Street photography is like a jigsaw puzzle, requiring you to find the right pieces that fit together. The most interesting street photographs combine several subjects and layers in a single image. This allows the viewer to explore the frame and think about the interaction between the subjects and the environment they are in. Like a jigsaw, some pieces can be combined to form a pleasing outcome, others don’t fit together and in our case, result in ordinary snapshots. To spot the compatible pieces and put them all together for that dramatic picture, is not an easy task. For example, if you have a nice wide dominant blue background like in the image below, and a man dressed in a similar blue shirt, these two elements work well together and have the touch of drama. However, once you begin to add more elements together and arrange them in a cohesive structure, then you’re taking the concept of drama to another level. Not just matching colors, but shapes, patterns, lines and creative play with light can create superb results on the street.

Find order in chaos. If you shoot in an urban setting, especially large cities (like Kuala Lumpur), you’ve probably found that there are too many people around, walking everywhere, and the visual mess can be difficult to sort. Isolating a subject for a clean composition is difficult with people dashing around chaotically. However, this chaos can  be both your enemy and your friend. The chaotic nature of city life and the busy-ness of the streets can make for an interesting playground. Look for something that stands out from the chaotic mess, or spot the small order of things in the pile of human traffic and that image can end up quite dramatic. Sometimes, there is no pattern or interesting element to be found and in such cases you just don’t shoot – the result will be banal and disappointing to you. Don’t give up easily though. It is important to know your shooting location well, and know what goes on when and where. Take your time to visually sort through the mess, walk within the crowd, and eventually once you are used to the visual overload, you will start to spot interesting elements and start seeing images. For example, while shooting in a local wet market in Kuala Lumpur, first timers tend to be overwhelmed not just by the crowd but also the smells, the wet floors and uncomfortable humidity – it can be disorienting. A little time helps them adjust and they start shooting images rather intensively. So remember, blend into the chaos and find order in the chaos.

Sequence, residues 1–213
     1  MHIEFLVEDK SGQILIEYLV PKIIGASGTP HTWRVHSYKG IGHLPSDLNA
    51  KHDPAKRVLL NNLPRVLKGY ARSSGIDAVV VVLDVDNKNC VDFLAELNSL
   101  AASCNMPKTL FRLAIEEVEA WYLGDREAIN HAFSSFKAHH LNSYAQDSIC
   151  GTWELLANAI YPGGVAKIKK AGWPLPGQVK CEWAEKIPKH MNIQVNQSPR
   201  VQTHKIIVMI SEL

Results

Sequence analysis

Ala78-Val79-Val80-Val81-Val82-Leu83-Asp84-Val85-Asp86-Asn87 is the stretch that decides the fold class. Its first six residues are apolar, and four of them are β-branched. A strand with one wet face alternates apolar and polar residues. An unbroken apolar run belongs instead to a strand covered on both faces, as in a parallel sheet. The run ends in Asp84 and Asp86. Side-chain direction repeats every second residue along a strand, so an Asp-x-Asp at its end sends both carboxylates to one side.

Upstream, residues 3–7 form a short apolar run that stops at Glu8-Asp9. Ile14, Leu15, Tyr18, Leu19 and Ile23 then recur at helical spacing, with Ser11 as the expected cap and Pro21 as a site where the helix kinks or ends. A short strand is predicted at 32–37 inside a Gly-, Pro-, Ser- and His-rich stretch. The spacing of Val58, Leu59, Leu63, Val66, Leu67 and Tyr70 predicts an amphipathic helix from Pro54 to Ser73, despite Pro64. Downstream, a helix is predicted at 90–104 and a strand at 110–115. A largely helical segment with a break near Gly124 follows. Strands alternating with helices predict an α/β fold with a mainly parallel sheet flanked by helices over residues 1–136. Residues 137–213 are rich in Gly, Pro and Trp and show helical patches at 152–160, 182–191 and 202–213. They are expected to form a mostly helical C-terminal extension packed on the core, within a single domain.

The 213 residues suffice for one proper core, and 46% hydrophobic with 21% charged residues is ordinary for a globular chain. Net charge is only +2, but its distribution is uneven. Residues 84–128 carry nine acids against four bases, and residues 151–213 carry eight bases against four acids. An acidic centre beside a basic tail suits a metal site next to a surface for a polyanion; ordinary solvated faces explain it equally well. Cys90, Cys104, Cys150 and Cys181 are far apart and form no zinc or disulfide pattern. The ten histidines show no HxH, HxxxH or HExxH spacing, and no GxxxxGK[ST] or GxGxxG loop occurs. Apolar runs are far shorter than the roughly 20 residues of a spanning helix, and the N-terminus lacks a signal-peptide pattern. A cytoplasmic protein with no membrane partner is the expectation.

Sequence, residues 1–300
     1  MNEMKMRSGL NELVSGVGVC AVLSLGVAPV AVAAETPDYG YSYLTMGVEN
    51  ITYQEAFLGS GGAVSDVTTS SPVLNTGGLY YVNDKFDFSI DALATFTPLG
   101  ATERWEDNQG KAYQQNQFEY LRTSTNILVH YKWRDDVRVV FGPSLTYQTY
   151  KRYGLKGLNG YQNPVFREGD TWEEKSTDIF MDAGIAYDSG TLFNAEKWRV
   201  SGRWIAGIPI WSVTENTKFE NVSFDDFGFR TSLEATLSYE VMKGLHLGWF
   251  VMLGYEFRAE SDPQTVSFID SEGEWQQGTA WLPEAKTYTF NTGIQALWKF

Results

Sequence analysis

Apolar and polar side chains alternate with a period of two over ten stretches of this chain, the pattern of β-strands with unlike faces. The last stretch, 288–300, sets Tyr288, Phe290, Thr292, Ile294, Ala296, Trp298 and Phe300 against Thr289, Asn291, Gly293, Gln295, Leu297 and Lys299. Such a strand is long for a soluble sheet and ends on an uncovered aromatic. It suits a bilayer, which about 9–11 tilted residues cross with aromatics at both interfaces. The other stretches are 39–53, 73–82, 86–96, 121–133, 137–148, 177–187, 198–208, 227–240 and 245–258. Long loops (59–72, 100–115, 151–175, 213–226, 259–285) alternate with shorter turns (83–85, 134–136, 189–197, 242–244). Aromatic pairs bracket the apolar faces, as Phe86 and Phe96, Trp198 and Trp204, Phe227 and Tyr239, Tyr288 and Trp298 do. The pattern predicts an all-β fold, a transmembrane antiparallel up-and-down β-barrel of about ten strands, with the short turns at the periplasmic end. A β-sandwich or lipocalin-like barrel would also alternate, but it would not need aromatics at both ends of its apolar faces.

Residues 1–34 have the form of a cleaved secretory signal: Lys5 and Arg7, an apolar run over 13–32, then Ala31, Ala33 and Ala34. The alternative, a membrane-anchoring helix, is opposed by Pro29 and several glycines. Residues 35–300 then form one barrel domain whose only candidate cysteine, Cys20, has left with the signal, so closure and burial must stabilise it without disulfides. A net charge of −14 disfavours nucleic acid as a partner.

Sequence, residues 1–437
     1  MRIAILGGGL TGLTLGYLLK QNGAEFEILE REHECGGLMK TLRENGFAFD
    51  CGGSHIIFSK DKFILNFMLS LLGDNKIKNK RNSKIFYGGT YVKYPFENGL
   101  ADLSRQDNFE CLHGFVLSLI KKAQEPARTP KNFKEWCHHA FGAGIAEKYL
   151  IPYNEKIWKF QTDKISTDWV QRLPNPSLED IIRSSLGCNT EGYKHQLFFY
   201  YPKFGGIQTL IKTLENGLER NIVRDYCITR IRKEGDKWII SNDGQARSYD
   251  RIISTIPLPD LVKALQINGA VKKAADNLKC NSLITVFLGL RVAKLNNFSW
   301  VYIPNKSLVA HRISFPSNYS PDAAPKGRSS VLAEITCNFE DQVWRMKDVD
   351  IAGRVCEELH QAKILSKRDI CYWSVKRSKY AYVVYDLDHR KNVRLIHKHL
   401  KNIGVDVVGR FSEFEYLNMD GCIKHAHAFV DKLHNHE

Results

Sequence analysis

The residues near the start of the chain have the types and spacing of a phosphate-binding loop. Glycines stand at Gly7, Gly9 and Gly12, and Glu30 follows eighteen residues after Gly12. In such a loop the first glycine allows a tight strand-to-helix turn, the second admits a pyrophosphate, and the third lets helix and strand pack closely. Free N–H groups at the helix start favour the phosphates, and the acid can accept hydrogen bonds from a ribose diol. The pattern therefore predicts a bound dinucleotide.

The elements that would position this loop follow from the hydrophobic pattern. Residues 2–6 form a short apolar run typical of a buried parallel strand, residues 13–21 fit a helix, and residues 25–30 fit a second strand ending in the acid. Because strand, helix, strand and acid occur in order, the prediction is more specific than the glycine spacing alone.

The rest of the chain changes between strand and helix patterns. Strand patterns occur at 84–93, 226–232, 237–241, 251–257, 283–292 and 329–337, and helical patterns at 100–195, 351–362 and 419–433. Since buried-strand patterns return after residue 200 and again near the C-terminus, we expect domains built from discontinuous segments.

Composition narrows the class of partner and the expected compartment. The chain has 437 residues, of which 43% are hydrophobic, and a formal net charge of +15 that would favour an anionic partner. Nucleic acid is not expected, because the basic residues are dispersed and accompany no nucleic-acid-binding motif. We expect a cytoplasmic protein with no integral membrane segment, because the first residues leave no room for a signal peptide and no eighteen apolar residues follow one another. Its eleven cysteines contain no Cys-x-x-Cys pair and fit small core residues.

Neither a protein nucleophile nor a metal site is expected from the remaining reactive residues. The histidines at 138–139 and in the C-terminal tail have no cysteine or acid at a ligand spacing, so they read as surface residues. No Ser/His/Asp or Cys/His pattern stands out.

On that note, I believe that the most important thing is to not complain about the circumstances, but focus on making the best out of a given situation. Sometimes, it is all about the mindset that we put ourselves in while shooting and being positive and enthusiastic will often be rewarding in the end.

I do hope my thoughts on drama and creating it will come in handy for your own street photography.


We are also on Facebook and there is a curated reader Flickr pool.

Images and content copyright Robin Wong 2017 onwards. All rights reserved


  1. jean pierre (pete) guaron says:

    Months late – sorry Robin.
    I love your first photo – I would have given it a fairly heavy crop, to bring out the subject matter of the man jumping – but each to his own.
    The cat was clever – I do a lot of pet photograpy, I know how hard it is to get these animals to “do what we want”. Well done!
    And the one of the guys carrying the TVs out – that’s brilliant!
    To me, one of the basics of street, is to develop “the eye’. Otherwise it becomes pure chance, whether or not someone gets an interesting street shot.

  2. A refreshing approach to street photography. I’ve learned something from you Robin.

  3. Cat jumping: strong. Man jumping: lost in the distance amid the clutter. Get closer!
    Pink car and Help Me: strong. The rest, I agree with Harry. Even with the color support (I see what you are doing with that), the walking people are… just walking people. No emotional engagement.
    Portraits: clutter backgrounds, use a wall as a backdrop.
    Order in chaos: not much, actually, you’re not close enough again.
    Edit tighter! it will help your brand.

  4. It seems to me that the 3 photos of men walking in front of a wall with similar colours are the “cliches that have been done to death”, you mentioned. Am I missing something?

    • Appreciation of matching colors, patterns and shapes is something I seek for when I shoot on the street. Yes, they may fall into the cliches, and perhaps have been done one too many times. I too, like everyone else, shoot something, not to avoid being in the “cliche category”, but I shoot a scene because I was drawn to it.

  5. i like your picture

  6. good post

  7. Excellent!

  8. good article

  9. Very good storyboard !!!
    Bravo !!!

%d bloggers like this: